New York City’s celebration of Indigenous Peoples Day would contribute greatly to the healing of America’s indigenous community, and it would honor this community’s resilience, strength, and ongoing contributions to American culture and history. Indigenous peoples and their voices are more important now than ever, with this community leading the way on the current, urgent issues like the growing call for greater environmental awareness and protections.”
“The second Monday of October is celebrated as Columbus Day by many people, but this holiday is rooted in inaccuracy and celebrates a tragic history of genocide and violence against the Indigenous Peoples of this country and all of the Americas.
Alaska, Hawaii, Oregon, New Mexico, Maine, and South Dakota have officially designated the second Monday of October, the federal Columbus Day holiday, as Indigenous Peoples Day, joining an increasing number of localities including Los Angeles, San Francisco, Denver, Phoenix, Minneapolis, and Seattle, that made the change,” says Chenae Bullock a member of the Shinnecock Indian Nation and descendant of the Montauk tribe of Long Island New, York.
Thousands are calling for the removal of the 5 Christopher Columbus statues in New York City and replace Columbus statues with sculptures of Lenni-Lenape people.
Gabriel Sandoval writes on TheCity.NYC, “In the city colonists built on Lenape land centuries ago, the number of Native Americans is on the rise, new census figures show as New York celebrates the first official Indigenous Peoples’ Day.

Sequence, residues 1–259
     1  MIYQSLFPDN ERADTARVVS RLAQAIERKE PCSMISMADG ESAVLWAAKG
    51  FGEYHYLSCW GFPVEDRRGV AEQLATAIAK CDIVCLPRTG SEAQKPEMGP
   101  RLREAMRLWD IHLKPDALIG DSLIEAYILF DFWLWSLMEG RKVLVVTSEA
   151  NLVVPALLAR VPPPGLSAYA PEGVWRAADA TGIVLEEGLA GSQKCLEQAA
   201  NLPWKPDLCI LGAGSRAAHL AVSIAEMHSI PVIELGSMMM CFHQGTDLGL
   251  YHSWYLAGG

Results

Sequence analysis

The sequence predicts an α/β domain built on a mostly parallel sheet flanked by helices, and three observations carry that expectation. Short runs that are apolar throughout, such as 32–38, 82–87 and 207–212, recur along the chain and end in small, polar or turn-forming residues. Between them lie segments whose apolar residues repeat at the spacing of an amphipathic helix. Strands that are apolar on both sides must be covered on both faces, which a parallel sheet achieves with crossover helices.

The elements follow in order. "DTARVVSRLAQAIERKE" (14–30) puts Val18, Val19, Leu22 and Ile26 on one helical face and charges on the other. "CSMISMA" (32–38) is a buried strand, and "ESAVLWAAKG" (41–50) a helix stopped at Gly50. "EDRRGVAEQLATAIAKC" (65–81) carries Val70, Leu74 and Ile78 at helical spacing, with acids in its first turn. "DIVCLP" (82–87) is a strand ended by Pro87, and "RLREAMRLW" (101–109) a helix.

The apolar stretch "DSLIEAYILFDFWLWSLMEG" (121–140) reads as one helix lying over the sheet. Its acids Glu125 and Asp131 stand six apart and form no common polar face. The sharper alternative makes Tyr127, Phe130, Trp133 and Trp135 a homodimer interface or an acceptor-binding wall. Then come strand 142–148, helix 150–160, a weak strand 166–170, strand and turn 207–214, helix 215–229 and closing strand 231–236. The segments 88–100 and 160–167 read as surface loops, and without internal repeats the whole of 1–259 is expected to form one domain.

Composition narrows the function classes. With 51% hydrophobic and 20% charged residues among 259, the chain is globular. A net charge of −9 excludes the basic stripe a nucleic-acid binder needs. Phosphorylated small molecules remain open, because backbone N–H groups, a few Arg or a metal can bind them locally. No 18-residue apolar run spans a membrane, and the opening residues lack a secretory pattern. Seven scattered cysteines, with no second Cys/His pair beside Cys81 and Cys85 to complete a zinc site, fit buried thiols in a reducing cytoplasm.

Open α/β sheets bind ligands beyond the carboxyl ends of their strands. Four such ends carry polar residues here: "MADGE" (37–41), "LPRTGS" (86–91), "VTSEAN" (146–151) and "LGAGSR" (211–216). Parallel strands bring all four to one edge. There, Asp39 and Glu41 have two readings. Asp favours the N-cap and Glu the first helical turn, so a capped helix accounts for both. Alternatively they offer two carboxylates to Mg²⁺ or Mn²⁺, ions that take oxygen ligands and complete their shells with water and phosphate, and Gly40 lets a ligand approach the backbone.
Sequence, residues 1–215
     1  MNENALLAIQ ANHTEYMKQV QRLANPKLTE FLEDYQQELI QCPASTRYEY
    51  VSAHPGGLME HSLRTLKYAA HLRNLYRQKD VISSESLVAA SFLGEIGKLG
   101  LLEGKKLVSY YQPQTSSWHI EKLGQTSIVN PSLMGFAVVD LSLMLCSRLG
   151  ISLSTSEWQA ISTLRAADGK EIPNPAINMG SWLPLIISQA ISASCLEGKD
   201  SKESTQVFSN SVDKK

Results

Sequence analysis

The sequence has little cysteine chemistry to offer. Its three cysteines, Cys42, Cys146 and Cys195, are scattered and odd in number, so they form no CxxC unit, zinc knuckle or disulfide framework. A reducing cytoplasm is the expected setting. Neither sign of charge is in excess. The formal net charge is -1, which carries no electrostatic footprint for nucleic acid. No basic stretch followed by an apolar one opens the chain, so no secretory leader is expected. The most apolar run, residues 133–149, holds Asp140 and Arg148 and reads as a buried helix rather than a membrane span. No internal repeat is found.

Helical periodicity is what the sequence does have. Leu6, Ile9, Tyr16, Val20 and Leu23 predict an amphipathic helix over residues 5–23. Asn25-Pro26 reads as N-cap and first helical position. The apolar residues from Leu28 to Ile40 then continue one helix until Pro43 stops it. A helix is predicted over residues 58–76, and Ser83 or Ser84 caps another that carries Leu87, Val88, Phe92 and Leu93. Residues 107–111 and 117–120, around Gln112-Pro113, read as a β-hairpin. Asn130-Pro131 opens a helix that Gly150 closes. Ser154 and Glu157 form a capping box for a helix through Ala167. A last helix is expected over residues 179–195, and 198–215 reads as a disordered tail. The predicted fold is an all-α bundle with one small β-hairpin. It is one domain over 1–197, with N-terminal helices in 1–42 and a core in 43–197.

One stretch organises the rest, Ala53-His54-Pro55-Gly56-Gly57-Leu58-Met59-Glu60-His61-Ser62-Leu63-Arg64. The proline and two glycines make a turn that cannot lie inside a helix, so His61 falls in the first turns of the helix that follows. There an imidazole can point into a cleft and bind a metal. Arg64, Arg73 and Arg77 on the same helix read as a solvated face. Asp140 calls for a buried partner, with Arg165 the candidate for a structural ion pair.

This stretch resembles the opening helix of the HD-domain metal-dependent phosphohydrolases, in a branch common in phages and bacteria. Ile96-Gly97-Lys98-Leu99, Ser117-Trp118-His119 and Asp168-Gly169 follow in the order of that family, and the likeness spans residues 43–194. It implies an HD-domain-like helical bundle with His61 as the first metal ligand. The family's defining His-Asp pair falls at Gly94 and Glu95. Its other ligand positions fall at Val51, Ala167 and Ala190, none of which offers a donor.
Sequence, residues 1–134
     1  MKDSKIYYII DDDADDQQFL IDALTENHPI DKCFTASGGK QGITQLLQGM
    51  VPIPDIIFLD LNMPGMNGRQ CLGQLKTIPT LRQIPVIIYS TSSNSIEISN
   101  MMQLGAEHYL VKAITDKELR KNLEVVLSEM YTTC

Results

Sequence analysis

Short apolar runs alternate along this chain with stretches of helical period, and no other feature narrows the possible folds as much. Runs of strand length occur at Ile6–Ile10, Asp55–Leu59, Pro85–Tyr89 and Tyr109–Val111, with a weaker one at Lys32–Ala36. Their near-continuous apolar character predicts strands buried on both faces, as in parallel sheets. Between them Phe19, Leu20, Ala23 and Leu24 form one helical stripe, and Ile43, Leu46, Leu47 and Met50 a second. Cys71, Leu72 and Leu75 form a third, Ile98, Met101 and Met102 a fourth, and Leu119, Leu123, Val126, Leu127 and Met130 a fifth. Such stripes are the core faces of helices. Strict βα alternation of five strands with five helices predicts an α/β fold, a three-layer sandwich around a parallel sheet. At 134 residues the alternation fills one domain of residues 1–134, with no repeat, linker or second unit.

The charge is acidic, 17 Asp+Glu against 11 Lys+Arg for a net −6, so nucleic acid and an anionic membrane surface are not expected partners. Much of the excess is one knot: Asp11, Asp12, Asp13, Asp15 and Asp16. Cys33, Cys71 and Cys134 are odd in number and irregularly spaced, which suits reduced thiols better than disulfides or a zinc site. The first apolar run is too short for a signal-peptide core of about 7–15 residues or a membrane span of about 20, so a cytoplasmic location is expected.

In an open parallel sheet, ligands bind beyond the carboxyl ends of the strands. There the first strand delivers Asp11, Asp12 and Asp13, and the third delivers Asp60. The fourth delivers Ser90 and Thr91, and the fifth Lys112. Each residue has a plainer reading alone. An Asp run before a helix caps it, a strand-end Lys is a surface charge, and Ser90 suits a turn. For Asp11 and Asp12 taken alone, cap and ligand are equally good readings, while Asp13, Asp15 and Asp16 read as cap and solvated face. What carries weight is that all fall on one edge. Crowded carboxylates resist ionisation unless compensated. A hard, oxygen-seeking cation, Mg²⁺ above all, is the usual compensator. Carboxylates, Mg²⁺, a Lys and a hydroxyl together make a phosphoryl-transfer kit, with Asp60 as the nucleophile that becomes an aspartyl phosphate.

In the five boroughs of New York City, some 180,866 — or 2% — identify as “American Indian or Alaska Native” alone or in a combination of races in a city of 8.8 million, according to the 2020 Census. That’s up from 1.3% in 2010, when the decennial census tallied 111,749 of 8.1 million people.”
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Redrum Motorcycle Club (REDRUM MC)
REDRUM MC says on their website, “(formerly Redrum Crew) Is an Indigenous based Motorcycle Club, founded in 2006 on the foundation of the Red Road with a focus on brotherhood, motorcycling, community, respect, responsibility, fundraising and supporting family.
The idea of the name “REDRUM” was initially developed as “Red-Drum“. During the process of forming the club, the second “D” was dropped and it became REDRUM Crew. Later the club became known as REDRUM MC. The name “REDRUM” quickly became something of a conversation starter. This would spur conversation between the member and the curious.”
“The Eye Of Colombia”
“The Eye Of Colombia” says on Instagram, “Colombian-led community organization. Building international workers solidarity. Anti-imperialism and multinationals. LatinAmerica Free! Free All Lands!”
NYC Indigenous Day of Remembrance
The group NYC Indigenous Day of Remembrance says on Facebook, “The NYC Indigenous Day of Remembrance is an Inter-tribal Annual Event at Columbus Circle to honor our First Nations/Indigenous Ancestors. We will never forget the genocide inflicted on our ancestors beginning in 1492. We Are Still Here to honor and celebrate Indigenous culture. This event is sponsored by local NYC indigenous volunteers.”
Indigenous Peoples Day New York City Committee
The Indigenous Peoples Day New York City Committee says on Facebook, “The Indigenous Peoples Day NYC Committee was formed to advocate for the establishment of Indigenous Peoples Day in NYC and the abolishment of Columbus Day and the removal of Columbus monuments in NYC.”
“Antinanco is committed to preserving traditional and indigenous knowledge, and providing access to education through wellness, mindfulness and nature experiences, as well as hands-on projects and environmental conservation projects. We involve children, families and youth groups in New Jersey, New York and Pennsylvania in environmental stewardship, educating about the impact of our actions on the environment, and providing resources and solutions to maintain the integrity of the Northeastern ecosystems. In doing so, we lean extensively on indigenous traditions.”